Having a professional nanny in your home whether on a part time or full-time basis can be a huge help in getting and keeping your little ones on a solid schedule and daily routine. It is important for both you and your nanny to be on the same page with this. Children thrive and do well when they have a regular and consistent routine. There are of course Holidays and special occasions that come up in all families lives that will alter this from time to time, and that is perfectly fine. A regular routine means their usual daily lives and activities. When you hire a nanny, you may already have a schedule in place that works for you. If this is the case, be sure to discuss it with your nanny in detail. You may be a new parent or simply not have a solid routine yet in place. Often parents can receive valuable input from an experienced nanny on how to set and keep a routine, as well as what routines work best for each age and phase that your children will go through. Keeping the lines of communication open is so important between parents and nanny to keep the children on a healthy daily routine.
If you have hired an experienced nanny, it is always good to ask her what her typical routine has been like with children of the same age. Nannies who have been in the profession for several years have found that many nap times and such tend to be the same. For example, babies taking two naps a day, and preschool and kindergarten age children taking one afternoon nap. During the toddler and early preschool phase this one afternoon nap on average is 2.5 to 3 hours. A parent who has not experienced this age group before might otherwise be alarmed by this when in reality it is quite healthy and normal. A simple discussion with your nanny will give you the peace of mind that when children this age grow out of the two naps their one nap becomes a solid stretch, and they actually sleep better at night when they get their proper nap. Take into account information that your nanny is willing to share with you when creating your own routines and schedules for your children, while also discussing what is important to you with time frames, bed times, and each child’s unique needs.
It is important to be on the same page with your nanny on schedules for several reasons. If your nanny has your toddler 35 hours a week Monday-Friday and puts he or she down for their nap from 1-3:30 PM, and on the weekends you do not put the child down for an afternoon nap this can create a problem come Monday. Not only will you have a cranky and over tired child, but one that has fallen out of their regular routine and has trouble getting back into it. This can create frustration for both you and your nanny. The same happens if the opposite occurs and you are putting your child down for consistent afternoon naps, but your nanny is not making nap time a priority. Both scenarios create inconsistency for the child. It is a good idea to sit down and discuss your ideas on daily routines and schedules working as a team to create healthy habits for your little ones. Many preschool age children will thrive on a routine of going out for morning activities, having lunch, winding down, and then taking their afternoon nap. Babies do well with activities between their morning and afternoon naps. If you have both you of course must make adjustments and work out a routine that works best for both ages. The point is to be consistent. If a child is having weekend nap time at 4pm it is unlikely that your nanny will be able to get them settled for a 2 PM nap. A great way to keep each other informed is by logging daily routines. You can do this with an app if you choose, or with an old-fashioned journal. This can help both you and your nanny see any regular patterns and habits of the children and be able to note on days when things were out of sorts. If your child is in preschool or has other activities on a schedule be sure to keep a calendar. If you have to adjust nap times and lunch times here and there based on wake-up times and that day’s activities that is ok within reason. For example, putting your child down at 2 pm instead of the usual 1 pm because you had a special play date planned is not going to create a problem.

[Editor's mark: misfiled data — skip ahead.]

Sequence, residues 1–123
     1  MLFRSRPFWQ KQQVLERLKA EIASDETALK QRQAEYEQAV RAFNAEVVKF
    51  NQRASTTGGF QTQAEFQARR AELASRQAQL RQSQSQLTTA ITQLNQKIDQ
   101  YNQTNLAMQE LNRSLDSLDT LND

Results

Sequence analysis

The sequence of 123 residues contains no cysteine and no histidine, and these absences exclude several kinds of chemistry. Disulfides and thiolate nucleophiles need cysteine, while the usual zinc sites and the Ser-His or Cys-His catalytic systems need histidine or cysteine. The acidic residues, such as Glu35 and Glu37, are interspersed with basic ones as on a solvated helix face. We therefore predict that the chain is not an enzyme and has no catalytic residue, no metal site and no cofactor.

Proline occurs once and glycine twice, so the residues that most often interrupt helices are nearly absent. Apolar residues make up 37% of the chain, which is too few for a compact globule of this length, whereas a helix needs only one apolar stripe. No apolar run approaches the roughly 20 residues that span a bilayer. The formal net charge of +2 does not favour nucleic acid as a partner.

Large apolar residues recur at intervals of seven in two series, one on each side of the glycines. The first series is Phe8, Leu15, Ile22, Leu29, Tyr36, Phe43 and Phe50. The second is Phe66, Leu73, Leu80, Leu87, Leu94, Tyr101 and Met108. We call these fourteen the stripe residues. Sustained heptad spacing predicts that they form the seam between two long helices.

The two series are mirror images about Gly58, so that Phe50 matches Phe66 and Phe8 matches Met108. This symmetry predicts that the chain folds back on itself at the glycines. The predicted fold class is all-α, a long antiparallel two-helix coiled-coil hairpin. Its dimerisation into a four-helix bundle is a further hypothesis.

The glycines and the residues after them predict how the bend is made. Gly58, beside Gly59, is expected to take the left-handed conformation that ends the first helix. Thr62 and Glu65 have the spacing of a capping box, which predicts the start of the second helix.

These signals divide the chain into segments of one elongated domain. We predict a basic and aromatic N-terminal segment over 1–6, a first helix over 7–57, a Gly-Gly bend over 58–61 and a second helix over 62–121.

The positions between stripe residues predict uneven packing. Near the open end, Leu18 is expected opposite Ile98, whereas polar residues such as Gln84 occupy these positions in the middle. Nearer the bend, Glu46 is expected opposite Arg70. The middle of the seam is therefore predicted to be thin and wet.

Schedules are also important if your child has specific dietary needs or restrictions. Be sure to inform your nanny of these things and tackle them as a team. Keeping a daily log helps you know what your child’s day has been like with your nanny and allows your nanny to know if the weekend was particularly hectic or out of the norm. As your child grows, take the time to sit down together to discuss changes in routine, ideas, and what works and what isn’t working. Children feel safe and protected when they know what is coming next in their day. No two days are exactly alike, but on an average day the timing of their routines should be. Your nanny is a partner in your child’s development and well-being. Staying on the same page with schedules can go a long way in keeping you and your nanny happy and organized, and your children healthy, rested, learning, and thriving! The same applies to school age children who are not of napping age when it comes to extracurricular activities, your preferred homework schedule, and free time. Creating consistent habits and keeping communication open will keep everyone happy and life running smoothly!
By: Anne-Marie Ferraro